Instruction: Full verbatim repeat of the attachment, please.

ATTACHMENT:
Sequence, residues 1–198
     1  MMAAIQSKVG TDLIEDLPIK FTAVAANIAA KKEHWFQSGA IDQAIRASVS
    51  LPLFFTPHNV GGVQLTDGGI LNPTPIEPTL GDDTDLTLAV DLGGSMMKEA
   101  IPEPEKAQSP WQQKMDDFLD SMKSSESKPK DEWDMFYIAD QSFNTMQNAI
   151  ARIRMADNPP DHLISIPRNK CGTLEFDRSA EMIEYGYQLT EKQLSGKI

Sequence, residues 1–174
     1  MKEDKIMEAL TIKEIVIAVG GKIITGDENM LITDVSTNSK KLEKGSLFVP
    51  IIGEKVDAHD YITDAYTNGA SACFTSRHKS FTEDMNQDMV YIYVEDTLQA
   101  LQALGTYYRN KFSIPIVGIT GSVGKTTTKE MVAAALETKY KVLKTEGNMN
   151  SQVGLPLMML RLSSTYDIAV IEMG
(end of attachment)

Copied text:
Sequence, residues 1–198
     1  MMAAIQSKVG TDLIEDLPIK FTAVAANIAA KKEHWFQSGA IDQAIRASVS
    51  LPLFFTPHNV GGVQLTDGGI LNPTPIEPTL GDDTDLTLAV DLGGSMMKEA
   101  IPEPEKAQSP WQQKMDDFLD SMKSSESKPK DEWDMFYIAD QSFNTMQNAI
   151  ARIRMADNPP DHLISIPRNK CGTLEFDRSA EMIEYGYQLT EKQLSGKI

Sequence, residues 1–174
     1  MKEDKIMEAL TIKEIVIAVG GKIITGDENM LITDVSTNSK KLEKGSLFVP
    51  IIGEKVDAHD YITDAYTNGA SACFTSRHKS FTEDMNQDMV YIYVEDTLQA
   101  LQALGTYYRN KFSIPIVGIT GSVGKTTTKE MVAAALETKY KVLKTEGNMN
   151  SQVGLPLMML RLSSTYDIAV IEMG